The point of this layout setting is to allow the user to-recreate a studio where they can choose the type of signal pickup and placing. Such a thing can even practically apply to orchestral too, but perhaps there needs to be more optimization to make that wholly plausible. It would definitely be hard on the processor, but doable.
So, here’s an exciting asset of the new layout manager. And that is angles. I’ll eventually be making 0-360 degrees sop that the measurement is a tactile affair. In other words, producers trying to merge in another singer let’s say or another instrument virtually into a floor plan of a recording already taken will be able to seamlessly.
Update 3:27P 03/10/2020
Here’s more and some exciting new material to look at:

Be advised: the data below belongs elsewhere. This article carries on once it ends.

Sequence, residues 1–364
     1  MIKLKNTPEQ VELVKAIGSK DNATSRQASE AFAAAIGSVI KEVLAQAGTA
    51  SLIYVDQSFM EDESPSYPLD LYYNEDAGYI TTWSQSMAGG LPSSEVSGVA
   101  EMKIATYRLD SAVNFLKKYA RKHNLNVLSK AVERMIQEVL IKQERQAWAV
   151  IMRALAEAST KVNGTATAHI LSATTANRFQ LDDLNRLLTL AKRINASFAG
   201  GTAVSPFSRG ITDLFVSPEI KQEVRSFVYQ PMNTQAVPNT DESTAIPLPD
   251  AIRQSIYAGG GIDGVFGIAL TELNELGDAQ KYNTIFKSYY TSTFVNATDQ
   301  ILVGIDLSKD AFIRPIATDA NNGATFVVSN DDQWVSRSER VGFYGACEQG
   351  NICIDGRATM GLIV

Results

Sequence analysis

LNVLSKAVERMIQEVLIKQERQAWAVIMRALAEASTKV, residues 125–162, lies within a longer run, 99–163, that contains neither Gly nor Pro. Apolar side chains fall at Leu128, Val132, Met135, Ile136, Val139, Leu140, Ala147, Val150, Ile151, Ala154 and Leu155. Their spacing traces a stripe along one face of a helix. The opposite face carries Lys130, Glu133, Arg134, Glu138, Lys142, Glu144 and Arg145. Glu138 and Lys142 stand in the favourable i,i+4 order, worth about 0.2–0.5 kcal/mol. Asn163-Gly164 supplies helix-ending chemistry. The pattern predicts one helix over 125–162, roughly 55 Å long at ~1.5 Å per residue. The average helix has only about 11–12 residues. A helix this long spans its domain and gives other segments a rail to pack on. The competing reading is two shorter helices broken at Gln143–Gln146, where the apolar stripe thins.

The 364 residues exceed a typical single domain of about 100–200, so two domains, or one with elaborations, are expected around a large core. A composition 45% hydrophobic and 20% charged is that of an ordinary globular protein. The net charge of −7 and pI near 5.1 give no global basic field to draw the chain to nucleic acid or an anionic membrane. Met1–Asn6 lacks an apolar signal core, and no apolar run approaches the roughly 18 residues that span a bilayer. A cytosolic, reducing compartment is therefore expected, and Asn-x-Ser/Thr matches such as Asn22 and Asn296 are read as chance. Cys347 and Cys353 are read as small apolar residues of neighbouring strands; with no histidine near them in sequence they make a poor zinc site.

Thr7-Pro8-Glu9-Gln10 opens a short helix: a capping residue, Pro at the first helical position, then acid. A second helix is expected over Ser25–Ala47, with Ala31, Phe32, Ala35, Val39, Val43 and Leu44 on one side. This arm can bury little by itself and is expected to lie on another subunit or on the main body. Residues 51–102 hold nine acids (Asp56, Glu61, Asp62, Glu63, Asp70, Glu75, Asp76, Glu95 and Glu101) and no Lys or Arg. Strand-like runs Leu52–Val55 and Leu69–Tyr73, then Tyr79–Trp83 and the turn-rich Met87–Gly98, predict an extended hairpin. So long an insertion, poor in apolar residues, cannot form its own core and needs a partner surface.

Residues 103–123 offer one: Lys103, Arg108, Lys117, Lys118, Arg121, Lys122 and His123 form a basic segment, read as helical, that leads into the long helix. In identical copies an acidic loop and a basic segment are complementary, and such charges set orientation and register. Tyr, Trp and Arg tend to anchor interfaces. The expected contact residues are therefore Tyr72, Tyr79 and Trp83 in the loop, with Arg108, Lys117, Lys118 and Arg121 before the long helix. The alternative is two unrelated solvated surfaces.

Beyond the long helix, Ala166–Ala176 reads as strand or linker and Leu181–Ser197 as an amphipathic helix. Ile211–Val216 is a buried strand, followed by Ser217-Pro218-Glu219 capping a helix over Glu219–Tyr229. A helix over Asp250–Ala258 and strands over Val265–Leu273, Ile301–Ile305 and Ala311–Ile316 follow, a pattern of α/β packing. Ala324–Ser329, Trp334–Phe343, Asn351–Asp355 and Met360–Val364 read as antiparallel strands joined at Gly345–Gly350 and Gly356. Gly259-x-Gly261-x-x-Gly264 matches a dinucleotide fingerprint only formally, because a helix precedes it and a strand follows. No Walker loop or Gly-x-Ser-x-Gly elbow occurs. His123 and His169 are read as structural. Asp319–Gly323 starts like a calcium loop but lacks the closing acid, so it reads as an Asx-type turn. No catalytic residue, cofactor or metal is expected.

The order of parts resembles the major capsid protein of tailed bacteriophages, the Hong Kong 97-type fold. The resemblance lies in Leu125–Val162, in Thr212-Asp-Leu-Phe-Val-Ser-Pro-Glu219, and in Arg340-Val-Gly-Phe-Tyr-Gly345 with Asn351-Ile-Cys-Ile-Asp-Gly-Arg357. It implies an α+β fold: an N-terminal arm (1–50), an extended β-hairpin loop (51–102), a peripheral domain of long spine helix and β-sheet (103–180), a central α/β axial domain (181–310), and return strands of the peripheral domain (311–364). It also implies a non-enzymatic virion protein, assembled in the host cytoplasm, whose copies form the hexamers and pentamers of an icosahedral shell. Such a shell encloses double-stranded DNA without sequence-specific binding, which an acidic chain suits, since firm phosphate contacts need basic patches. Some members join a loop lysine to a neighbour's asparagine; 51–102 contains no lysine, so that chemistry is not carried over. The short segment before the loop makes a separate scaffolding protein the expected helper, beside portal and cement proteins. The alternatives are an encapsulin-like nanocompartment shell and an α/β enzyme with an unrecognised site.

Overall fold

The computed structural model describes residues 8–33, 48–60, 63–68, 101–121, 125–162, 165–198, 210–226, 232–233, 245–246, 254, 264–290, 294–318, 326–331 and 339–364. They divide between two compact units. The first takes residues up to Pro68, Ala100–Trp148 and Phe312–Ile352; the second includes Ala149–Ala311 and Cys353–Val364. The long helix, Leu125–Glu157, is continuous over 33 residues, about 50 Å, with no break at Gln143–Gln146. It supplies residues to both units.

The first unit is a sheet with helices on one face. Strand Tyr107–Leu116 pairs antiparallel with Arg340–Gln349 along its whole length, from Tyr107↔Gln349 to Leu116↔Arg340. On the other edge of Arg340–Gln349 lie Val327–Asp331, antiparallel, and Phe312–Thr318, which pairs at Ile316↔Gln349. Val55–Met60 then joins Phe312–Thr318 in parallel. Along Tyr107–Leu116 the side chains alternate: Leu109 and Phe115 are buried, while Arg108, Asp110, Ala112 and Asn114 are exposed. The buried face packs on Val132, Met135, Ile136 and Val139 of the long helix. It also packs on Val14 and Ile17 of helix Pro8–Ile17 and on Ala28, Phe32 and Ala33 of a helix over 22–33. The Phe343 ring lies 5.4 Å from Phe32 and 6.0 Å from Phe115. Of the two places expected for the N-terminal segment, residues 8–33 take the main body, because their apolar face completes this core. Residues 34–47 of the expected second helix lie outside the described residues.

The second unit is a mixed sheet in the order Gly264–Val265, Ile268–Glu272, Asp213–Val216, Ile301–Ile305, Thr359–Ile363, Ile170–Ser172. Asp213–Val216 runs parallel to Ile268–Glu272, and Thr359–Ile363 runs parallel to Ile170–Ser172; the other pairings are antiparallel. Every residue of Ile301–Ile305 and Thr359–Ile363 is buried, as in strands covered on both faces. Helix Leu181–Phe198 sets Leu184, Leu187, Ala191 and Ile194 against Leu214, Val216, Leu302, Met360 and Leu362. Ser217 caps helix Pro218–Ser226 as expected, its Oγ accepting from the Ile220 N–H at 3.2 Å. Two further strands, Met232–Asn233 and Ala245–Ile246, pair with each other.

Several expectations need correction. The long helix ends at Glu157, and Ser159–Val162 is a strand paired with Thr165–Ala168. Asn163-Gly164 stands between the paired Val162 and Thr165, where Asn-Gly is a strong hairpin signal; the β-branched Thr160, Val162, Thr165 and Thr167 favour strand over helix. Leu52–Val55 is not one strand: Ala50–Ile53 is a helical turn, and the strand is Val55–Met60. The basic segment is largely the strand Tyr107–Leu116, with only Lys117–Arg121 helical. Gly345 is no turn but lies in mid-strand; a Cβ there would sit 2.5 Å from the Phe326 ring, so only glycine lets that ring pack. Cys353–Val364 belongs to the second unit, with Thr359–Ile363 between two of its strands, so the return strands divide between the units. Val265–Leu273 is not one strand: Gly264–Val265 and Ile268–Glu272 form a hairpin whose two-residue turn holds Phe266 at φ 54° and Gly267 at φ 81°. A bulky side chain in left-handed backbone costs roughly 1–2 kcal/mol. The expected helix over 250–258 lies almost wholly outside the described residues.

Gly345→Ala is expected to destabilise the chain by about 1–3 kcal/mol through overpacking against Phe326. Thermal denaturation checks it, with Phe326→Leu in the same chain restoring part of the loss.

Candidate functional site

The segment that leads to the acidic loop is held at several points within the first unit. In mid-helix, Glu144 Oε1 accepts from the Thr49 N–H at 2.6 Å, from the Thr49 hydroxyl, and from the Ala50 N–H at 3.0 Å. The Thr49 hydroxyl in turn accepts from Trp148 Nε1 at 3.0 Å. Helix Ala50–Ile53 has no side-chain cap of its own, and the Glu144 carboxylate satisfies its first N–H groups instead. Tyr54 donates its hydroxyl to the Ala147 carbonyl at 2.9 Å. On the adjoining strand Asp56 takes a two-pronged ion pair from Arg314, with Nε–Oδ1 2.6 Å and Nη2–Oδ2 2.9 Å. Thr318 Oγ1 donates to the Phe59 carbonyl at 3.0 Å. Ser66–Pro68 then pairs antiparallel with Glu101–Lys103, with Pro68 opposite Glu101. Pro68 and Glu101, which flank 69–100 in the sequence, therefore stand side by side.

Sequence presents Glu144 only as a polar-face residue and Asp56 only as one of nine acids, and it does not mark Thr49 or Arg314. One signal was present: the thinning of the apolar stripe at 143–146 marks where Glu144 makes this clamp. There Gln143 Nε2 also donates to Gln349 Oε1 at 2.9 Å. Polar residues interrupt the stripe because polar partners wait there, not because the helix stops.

So now I have the degrees working perfectly and that means distance and the measurement becomes possible. Furthermore, so does it mean that using DBSPL math to figure out spatial mechanics in the way of audio is possible too.
TTYS, King OZ
I wanted initially to have a design that appeared physical. Like as if it is metal and could actually be something real. But when I decided to add different modes, including a parametric mode (which will save 2% CPU per signal [1&2]).
Here’s a video showing the difference between the design as it was and the design as it is now:
So, that is pretty cool I thought, and because it has a frame around it; it looks as if the black area is a screen like a phone has.
So, here’s a preview of what I have in mind for the parametric mode, it’s a mockup I made a few days ago:
I hope this seems adequate, I’ll be very pleased especially because I have been able to bring the CPU usage down by a pecentile (1%). I’m also fairly certain that after tall of the optimizations have been added there might even be a full 1.5% CPU usage taken off the top.
I’d also like to announce that the limiter and averager will now be options, that can optionally be de-activated.